Here’s the latest of our news bulletins from the ongoing crisis at Japan’s Fukushima Daiichi nuclear power plant.

Nuclear Politics in Japan

Japan’s Nuclear Regulation Authority (NRA) announced this week that nuclear plants across the country will be required to build a second control room in order to remotely control venting and cooling functions at reactors in case a nuclear disaster occurs. The mandate, which also requires that the control rooms be resistant to earthquakes and tsunamis and have emergency power sources available, is expected to be unveiled when the NRA publishes new safety standards for nuclear plants in July. However, Shunichi Tanaka, Chair of the NRA, said that the agency will grant an exemption period and will allow power operators to restart idled reactors if they can produce written plans for upgrades, even if the control rooms have not yet been built.

Japan Atomic Power Co. (JAPC) has reported record-setting profits for the first half of this fiscal year. The utility posted 20.9 billion yen ($238 million) in profit, despite the fact that all of its nuclear reactors are currently offline. JAPC has a contractual arrangement with TEPCO and other power companies, in which the utilities pay a combined 76.2 billion yen in fees to JAPC for supplying them with nuclear power—even if they receive no electricity. The profit margin was even larger this year, because JAPC accrued no operating costs for generating power. The cost of those fees is passed onto consumers. The powerful former Chairman of TEPCO, Tsunehisa Katsumata is an outside director at JAPC, raising questions about conflicts of interest.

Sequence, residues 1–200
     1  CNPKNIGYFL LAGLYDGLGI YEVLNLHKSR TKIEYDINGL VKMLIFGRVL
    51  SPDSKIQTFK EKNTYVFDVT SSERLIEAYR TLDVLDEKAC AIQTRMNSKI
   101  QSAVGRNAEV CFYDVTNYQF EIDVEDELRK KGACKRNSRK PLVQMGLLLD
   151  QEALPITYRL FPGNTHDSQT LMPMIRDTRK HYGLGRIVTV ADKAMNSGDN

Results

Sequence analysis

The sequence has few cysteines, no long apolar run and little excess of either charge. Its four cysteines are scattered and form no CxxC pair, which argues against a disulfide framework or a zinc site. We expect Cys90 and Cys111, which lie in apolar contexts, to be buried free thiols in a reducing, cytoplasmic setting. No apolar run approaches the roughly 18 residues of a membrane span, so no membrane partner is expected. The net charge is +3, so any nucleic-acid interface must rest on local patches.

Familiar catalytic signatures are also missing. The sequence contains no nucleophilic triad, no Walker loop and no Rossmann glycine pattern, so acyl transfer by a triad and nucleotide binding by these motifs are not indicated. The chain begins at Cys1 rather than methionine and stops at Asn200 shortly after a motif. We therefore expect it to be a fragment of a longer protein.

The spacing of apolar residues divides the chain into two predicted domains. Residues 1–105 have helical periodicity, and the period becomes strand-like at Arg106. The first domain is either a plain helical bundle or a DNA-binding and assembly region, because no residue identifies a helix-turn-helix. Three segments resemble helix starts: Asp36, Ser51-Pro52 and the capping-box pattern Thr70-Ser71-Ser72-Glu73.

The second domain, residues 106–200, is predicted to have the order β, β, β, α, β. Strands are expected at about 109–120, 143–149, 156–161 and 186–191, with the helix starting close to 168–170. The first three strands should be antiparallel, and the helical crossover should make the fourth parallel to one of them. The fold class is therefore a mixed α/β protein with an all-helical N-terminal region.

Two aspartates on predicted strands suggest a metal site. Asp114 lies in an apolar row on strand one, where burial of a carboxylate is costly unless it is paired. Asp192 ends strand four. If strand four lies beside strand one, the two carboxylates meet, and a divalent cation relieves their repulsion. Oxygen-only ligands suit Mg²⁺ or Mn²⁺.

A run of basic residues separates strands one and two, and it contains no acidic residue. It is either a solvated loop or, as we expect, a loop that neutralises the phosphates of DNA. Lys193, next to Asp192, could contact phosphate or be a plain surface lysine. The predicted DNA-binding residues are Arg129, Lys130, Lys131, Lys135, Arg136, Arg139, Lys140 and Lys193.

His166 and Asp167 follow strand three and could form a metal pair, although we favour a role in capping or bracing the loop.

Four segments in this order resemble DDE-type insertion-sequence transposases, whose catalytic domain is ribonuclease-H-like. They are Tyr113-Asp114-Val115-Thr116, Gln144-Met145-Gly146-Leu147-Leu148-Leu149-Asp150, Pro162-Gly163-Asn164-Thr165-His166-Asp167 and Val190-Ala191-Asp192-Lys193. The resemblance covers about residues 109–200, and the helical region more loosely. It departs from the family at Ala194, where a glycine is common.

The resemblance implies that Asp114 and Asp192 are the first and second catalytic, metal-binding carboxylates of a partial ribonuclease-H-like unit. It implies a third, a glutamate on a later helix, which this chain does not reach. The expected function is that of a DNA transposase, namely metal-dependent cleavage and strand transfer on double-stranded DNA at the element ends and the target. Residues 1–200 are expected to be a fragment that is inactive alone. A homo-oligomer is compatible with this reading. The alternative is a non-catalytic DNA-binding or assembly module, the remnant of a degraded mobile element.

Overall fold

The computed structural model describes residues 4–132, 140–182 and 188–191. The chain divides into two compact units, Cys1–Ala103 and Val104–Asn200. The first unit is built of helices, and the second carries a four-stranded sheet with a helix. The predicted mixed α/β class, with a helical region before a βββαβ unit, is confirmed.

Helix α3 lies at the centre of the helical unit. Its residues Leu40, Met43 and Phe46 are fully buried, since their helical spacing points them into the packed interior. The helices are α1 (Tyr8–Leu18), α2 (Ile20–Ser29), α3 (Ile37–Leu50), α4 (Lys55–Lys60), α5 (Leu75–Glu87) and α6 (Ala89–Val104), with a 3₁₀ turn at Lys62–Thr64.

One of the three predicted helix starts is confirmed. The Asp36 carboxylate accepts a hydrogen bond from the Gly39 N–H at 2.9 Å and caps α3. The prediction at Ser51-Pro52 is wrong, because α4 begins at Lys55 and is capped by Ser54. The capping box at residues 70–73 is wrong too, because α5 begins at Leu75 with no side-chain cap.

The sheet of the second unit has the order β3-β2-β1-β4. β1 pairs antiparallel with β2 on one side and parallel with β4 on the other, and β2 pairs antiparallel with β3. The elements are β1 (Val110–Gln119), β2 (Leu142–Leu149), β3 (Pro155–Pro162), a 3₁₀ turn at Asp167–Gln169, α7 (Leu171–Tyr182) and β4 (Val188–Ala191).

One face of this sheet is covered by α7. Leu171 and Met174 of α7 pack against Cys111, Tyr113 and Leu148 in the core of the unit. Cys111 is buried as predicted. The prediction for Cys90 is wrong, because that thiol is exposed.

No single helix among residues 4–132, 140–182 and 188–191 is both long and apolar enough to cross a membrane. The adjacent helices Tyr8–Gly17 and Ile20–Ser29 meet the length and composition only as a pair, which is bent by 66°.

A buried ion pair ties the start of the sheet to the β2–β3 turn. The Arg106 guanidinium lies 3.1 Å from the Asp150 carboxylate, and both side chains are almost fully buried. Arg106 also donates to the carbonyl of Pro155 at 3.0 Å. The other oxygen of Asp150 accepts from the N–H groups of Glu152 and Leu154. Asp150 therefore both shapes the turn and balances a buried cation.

Writer Kenzaburo Oe has joined forces with writers Satoshi Kamata, Hisae Sawachi, and Keiko Ochiai in order to bring attention to the anti-nuclear movement in Japan. Their efforts are a response to Prime Minister Shinzo Abe’s recent announcement that he plans to restart idled nuclear reactors, as well as to construct new ones. Oe’s group, called “Citizens’ Committee for a 10-Million People Petition to Say Goodbye to Nuclear Power Plants,” plans to hold an anti-nuclear rally on March 9 at Meiji Park in Tokyo, with an eye toward encouraging development of renewable power sources, ending construction on new plants, and ultimately eradicating nuclear power in Japan.


TEPCO is reportedly planning to vastly increase its power production using coal, a process that could have a significantly negative effect on Japan’s production of greenhouse gasses. The company plans to pass the cost of doing so on to consumers. TEPCO’s business plan proposes increasing its electricity supply by 2.6 million kilowatts of power between 2019 and 2021. Coal produces twice as much carbon dioxide, which contributes to global warming, as natural gas.

In fact, since the Fukushima disaster, power use in Japan has declined as people have embraced power-saving practices and use of renewable energy has steadily increased. A government source told a reporter from The Japan Times, “This coal-fired thermal power project has nothing to do with electricity demand for the immediate period and toward the future, and there should be no need to boost supplies by 2.6 million kilowatts.” He added, “Perhaps they overestimated their projection because TEPCO will collapse unless they devise a plan to boost sales by assuming growth in demand. At the end of the day, consumers will end up paying for the cost of the unnecessary capital investments.” Earlier this year, TEPCO said that it did not have enough financial resources to invest in renewable energy sources.